Daniel Viglietti

Daniel Viglietti
Background information
Birth name Daniel Alberto Viglietti Indart
Born (1939-07-24) 24 July 1939
Montevideo, Uruguay
Genres Folk music, Nueva canción
Occupation(s) Musician
Instruments Guitar, vocals
Years active 1963–present

Daniel Alberto Viglietti Indart (born 24 July 1939, Montevideo) is a Uruguayan folk singer, guitarist, composer, and political activist. He is one of the main exponents of Uruguayan popular song and also of the Nueva Canción or "New Song" of the 1960s and early 1970s.

He founded, in 1971, along with other musicians like José "Pepe" Guerra, Braulio López, the music scholar Coriún Aharonián (the only founding member who is still active), Myriam Dibarboure, María Teresa Sande and Notary Public Edgardo Bello, the recognized independent record label Ayuí/Tacuabé in order to promote and support valuable Uruguayan musical expressions.

He has performed the works of Cuban Nueva Trova stars Silvio Rodríguez and Pablo Milanés and Brazil's Chico Buarque and Edu Lobo, has worked with Cuban composer and arranger Leo Brouwer. His recordings are widely available, especially "Trópicos" (1972).

Viglietti was imprisoned in 1972 by his own government.[1] He was supported by the likes of Jean-Paul Sartre as an international man of conscience, a voice for peace, and an opponent of the fascism and tyranny that plagued South America in the 1970s. Rumors about possible mistreatment against him forced the authorities to bring him out in front of television cameras to show that, in particular, his hands were fine.[2] However, Viglietti spoke out that his treatment in police custody was much better than what other political prisoners received.[2] He was a peer of the late Chilean poet and folk singer Victor Jara and composer and activist Violeta Parra.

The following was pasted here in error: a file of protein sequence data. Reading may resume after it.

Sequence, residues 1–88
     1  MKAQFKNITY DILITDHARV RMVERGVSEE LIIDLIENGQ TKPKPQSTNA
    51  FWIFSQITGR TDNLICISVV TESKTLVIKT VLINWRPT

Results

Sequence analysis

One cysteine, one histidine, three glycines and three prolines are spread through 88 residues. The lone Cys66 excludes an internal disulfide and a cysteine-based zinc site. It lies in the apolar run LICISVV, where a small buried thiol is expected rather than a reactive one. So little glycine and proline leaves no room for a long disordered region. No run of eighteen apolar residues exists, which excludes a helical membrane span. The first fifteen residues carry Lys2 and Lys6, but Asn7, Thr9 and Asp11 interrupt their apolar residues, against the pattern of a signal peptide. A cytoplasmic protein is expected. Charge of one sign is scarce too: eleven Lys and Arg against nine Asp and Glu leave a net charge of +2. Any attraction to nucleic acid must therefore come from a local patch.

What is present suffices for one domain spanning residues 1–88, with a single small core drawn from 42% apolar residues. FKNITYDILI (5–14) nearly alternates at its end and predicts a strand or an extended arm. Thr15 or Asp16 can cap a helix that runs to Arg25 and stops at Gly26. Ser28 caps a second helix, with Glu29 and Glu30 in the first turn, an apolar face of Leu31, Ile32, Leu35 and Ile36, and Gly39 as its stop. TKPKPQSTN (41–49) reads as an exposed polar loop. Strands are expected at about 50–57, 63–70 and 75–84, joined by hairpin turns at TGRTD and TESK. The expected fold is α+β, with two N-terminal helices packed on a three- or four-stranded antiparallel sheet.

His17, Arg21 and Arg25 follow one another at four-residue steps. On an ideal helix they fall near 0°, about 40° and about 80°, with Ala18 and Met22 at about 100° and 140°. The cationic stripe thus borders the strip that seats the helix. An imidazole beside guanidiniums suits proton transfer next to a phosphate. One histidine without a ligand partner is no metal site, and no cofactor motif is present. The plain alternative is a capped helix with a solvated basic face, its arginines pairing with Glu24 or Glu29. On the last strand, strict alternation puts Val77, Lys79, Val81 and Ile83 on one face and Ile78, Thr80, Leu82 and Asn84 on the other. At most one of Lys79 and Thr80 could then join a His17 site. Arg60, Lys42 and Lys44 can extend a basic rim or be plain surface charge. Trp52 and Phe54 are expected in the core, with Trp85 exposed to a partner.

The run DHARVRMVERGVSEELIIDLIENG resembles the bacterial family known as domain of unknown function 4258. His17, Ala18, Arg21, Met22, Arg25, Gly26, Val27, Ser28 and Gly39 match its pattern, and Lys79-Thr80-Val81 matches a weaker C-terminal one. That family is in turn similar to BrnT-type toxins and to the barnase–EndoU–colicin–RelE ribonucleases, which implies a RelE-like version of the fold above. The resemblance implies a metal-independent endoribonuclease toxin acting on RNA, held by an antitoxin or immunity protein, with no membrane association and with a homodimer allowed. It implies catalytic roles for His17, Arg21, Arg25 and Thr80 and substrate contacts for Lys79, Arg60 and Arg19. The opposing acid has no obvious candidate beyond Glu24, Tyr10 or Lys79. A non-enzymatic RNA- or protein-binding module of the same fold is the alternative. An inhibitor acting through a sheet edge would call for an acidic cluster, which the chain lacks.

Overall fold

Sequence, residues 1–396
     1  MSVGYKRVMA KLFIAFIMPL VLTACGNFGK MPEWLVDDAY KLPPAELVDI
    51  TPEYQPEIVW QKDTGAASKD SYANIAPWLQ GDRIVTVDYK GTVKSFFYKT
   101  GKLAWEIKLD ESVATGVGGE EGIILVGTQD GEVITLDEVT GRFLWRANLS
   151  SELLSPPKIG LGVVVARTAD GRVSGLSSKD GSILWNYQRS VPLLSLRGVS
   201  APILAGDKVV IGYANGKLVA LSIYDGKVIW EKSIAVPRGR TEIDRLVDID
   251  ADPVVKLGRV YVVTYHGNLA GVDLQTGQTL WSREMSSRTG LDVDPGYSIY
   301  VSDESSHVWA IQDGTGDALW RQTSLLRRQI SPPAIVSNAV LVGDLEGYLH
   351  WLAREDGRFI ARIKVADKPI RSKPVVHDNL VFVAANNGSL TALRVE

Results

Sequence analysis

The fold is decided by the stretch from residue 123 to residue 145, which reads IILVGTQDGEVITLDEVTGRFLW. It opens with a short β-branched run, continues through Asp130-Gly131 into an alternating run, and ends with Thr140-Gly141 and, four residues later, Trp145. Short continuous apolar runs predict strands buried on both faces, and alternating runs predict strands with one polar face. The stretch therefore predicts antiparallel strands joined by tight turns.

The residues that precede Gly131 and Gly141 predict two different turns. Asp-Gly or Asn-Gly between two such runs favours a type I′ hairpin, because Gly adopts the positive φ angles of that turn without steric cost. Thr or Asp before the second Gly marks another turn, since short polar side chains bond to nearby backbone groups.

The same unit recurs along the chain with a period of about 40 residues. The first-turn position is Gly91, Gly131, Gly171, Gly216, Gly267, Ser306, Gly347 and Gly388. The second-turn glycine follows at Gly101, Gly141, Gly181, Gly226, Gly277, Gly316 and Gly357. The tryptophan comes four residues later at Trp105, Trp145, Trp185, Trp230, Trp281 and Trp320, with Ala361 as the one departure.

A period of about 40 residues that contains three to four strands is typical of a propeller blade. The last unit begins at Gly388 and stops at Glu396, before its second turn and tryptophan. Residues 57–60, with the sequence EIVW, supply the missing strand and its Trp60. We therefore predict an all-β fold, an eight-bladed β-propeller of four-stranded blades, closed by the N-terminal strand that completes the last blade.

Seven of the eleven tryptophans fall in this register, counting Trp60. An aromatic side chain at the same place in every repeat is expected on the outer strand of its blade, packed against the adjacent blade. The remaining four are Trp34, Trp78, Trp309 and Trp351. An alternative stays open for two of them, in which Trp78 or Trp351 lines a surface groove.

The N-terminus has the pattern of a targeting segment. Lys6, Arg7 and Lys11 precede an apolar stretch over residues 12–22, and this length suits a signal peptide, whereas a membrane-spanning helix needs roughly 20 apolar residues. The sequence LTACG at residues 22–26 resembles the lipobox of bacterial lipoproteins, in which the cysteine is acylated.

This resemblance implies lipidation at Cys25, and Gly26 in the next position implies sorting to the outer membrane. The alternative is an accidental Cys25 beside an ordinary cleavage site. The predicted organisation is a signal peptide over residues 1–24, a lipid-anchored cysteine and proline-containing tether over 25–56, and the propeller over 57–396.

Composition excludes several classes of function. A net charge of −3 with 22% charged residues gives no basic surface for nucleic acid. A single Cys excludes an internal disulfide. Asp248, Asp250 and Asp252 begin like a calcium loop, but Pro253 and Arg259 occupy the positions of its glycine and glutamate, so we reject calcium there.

Reeditions and recompilations


  1. Fischlin, Daniel; Heble, Ajay (2003). Rebel musics: human rights, resistant sounds, and the politics of music making. Black Rose Books. pp. 68–69. ISBN 1-55164-230-1.
  2. 1 2 Sosnowski, Saúl; Popkin, Louise B. (2003). Repression, exile, and democracy: Uruguayan culture. Duke University Press. p. 110. ISBN 0-8223-1268-9.

External links

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